A real-time registry offers many benefits. If enough hospitals adopt the same format, physicians will be able to use all of the standardized data to help determine treatment plans for their patients, including recommending clinical trials. The new format will also allow cancer centers to better conduct internal evaluations to detect problems with their laboratories or pathology departments. Currently, only a few of the hundreds of hospitals in California are utilizing the new format.3 As of today, there remain many barriers that impede speedy adoption.

Barriers

Technical. Most hospitals use an electronic health record (EHR) system, which, in theory, should give researchers immediate access to big data, but barriers exist. First, these systems vary and may not be compatible with other systems.2 Second, clinical trial and other research data are not standardized. Researchers work around these limitations by extracting, transforming, and loading data from EHRs into a “data lake,” which is a massive, easily accessible, centralized repository of large volumes of structured and unstructured data.1 Researchers can then create 1 large data schema, but this can be very expensive in time and resources, requiring intensive and customized data coding.4

Also, some consumers may feel uncomfortable with their data being stored and accessed by multiple users, even when deidentified.1 There are also questions about whether anonymization truly deidentifies data. One study found, for example, that 40% of the participants in a deidentified DNA study were reidentifiable.1

Legal. Data sharing is regulated by federal and state laws. The content of the data, their identifiability, and the context of use determine how these laws apply.5 The Public Health Service Act limits the use of identifiable data and requires the secretary of HHS to ensure that data are protected from inappropriate use.6 The Health Insurance Portability and Accountability Act of 1996 (HIPAA) regulates what types of identifiable data can be disclosed by healthcare plans and providers.7 The HIPAA Privacy Rule, which applies to identifiable health information only, protects such data from being improperly disclosed by health plans, providers, clearinghouses, and business associates.8 The HIPAA Security Rule requires covered entities to establish structures to protect data from being breached or inappropriately disclosed.8 In addition, tax considerations restrict nonprofit organizations from entering into certain types of data-sharing arrangements.5 Many governmental agencies also have their own privacy and data-sharing policies.9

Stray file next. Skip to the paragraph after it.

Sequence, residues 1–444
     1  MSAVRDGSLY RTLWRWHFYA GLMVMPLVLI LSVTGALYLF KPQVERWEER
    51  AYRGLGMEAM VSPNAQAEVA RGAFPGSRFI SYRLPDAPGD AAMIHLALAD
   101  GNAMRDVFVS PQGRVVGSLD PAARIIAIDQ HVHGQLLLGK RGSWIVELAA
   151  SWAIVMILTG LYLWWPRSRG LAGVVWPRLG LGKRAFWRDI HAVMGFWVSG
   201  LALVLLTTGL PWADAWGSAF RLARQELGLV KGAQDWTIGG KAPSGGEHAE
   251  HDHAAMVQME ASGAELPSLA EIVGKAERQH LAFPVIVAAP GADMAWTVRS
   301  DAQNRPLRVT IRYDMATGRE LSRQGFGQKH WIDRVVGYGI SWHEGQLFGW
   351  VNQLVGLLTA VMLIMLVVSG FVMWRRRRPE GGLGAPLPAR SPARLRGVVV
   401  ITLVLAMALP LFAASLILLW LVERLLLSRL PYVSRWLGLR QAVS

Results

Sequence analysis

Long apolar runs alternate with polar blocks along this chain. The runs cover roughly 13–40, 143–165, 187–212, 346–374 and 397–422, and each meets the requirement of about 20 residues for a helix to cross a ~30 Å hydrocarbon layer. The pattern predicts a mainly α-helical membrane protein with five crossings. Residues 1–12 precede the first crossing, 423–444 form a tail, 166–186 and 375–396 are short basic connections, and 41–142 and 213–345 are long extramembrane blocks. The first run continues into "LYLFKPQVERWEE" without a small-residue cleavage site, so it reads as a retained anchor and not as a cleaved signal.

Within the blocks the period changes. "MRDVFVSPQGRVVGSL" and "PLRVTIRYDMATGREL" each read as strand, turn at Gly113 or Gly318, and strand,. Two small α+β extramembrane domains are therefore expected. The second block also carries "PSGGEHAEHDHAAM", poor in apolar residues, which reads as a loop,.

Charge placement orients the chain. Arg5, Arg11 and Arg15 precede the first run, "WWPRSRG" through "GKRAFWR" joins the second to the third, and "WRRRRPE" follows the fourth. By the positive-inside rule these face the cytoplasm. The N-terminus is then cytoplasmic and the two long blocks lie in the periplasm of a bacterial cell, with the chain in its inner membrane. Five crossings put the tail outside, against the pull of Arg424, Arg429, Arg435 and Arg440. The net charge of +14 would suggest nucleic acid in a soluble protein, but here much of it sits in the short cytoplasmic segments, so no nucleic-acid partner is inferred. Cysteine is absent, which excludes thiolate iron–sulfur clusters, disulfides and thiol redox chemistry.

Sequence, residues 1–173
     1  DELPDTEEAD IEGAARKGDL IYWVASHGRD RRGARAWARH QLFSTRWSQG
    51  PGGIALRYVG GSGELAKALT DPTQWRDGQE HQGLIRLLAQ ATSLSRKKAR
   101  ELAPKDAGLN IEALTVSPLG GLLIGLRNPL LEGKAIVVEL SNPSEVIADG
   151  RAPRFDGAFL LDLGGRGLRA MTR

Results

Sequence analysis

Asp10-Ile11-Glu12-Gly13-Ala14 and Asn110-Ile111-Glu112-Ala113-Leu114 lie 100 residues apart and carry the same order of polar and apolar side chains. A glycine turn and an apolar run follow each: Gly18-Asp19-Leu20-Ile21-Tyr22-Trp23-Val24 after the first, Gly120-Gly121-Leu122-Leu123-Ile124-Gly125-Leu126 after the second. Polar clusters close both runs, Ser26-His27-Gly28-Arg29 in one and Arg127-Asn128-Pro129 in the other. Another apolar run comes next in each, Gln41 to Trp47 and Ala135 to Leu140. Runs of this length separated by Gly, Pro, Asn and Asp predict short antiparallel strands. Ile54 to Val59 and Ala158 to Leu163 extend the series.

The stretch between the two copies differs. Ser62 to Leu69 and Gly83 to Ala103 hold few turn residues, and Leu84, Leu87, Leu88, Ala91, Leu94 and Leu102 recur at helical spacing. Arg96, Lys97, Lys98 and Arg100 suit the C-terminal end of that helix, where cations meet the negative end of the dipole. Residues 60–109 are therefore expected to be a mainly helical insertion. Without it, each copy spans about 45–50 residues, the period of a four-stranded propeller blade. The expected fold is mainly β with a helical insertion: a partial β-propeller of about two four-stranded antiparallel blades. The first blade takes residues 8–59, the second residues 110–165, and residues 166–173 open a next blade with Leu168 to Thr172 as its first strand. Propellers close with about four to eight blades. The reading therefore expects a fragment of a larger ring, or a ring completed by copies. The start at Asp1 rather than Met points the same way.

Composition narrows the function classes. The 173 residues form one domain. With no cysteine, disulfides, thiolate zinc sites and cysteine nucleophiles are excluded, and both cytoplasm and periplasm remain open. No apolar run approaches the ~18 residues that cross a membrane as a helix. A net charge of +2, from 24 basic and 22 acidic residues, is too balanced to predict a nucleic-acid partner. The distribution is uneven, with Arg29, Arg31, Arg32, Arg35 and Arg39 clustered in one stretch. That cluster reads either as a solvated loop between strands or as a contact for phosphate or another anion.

The ability to collect public health data, as well as to disclose and share such data, varies by state.10 Some states have privacy protections that are stronger than those required under HIPAA10 or specific protections for certain diseases, such as HIV.5 Other state laws are comprehensive and apply generally to system participants who collect, acquire, use, or disclose information within the state.5 Federal and state antitrust laws may also regulate contractual information exchange and sharing arrangements to promote competition.5 Providers may have to consider state licensing requirements.5 Some states create legal obligations and requirements on government entities regarding government data, and others utilize broader privacy laws.10 Mandatory data-reporting laws also vary across states.10 Such variations in state laws may present barriers to information sharing.

Institutionalized. Institutionalized barriers must also be overcome. Of particular significance are patients’ privacy concerns and reluctance to share data.1 Many consumers are concerned that their data may be used by third parties, even though they frequently and voluntarily upload identifiable data on unsecure websites and social media.2 Consumers also fear that their data will be used in unethical or harmful ways,2 such as to discriminate against minorities.5 Patients want data to be shared if it benefits them, but they want to protect their data and keep them to themselves if they do not have a vested interest in sharing the data.5 In order to bring consumers on board, the government, health systems, and research institutions will have to prove that they can be trusted with sensitive health information and explain the exact purpose of data collection.5

In addition, health systems are worried that their competitors will be able to use their data against them when competing for customers.1 Providers fear that if their health statistics are publicly available, they will lose patients or be sanctioned if they do not measure up in performance.2 The cost of implementation of data management and sharing software is also a barrier. Companies are reluctant to implement large data systems requiring high front-end costs if they do not see a clear financial benefit.4


 
Copyright AJMC 2006-2018 Clinical Care Targeted Communications Group, LLC. All Rights Reserved.
x
Welcome the the new and improved AJMC.com, the premier managed market network. Tell us about yourself so that we can serve you better.
Sign Up
×

Sign In

Not a member? Sign up now!